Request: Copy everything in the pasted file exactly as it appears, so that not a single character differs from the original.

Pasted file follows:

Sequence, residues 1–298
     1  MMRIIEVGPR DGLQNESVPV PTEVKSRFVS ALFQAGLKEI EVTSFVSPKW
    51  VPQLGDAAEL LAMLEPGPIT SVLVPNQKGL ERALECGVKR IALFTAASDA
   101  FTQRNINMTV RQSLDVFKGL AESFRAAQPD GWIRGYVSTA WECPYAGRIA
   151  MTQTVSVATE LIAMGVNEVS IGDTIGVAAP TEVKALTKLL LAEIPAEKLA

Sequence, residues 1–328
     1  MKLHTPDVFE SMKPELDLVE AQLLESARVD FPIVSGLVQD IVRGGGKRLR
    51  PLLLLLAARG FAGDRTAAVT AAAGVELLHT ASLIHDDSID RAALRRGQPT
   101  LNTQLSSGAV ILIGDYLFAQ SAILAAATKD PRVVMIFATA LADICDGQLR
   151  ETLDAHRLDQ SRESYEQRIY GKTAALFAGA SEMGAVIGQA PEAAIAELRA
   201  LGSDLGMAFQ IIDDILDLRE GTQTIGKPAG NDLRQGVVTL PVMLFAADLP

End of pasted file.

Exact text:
Sequence, residues 1–298
     1  MMRIIEVGPR DGLQNESVPV PTEVKSRFVS ALFQAGLKEI EVTSFVSPKW
    51  VPQLGDAAEL LAMLEPGPIT SVLVPNQKGL ERALECGVKR IALFTAASDA
   101  FTQRNINMTV RQSLDVFKGL AESFRAAQPD GWIRGYVSTA WECPYAGRIA
   151  MTQTVSVATE LIAMGVNEVS IGDTIGVAAP TEVKALTKLL LAEIPAEKLA

Sequence, residues 1–328
     1  MKLHTPDVFE SMKPELDLVE AQLLESARVD FPIVSGLVQD IVRGGGKRLR
    51  PLLLLLAARG FAGDRTAAVT AAAGVELLHT ASLIHDDSID RAALRRGQPT
   101  LNTQLSSGAV ILIGDYLFAQ SAILAAATKD PRVVMIFATA LADICDGQLR
   151  ETLDAHRLDQ SRESYEQRIY GKTAALFAGA SEMGAVIGQA PEAAIAELRA
   201  LGSDLGMAFQ IIDDILDLRE GTQTIGKPAG NDLRQGVVTL PVMLFAADLP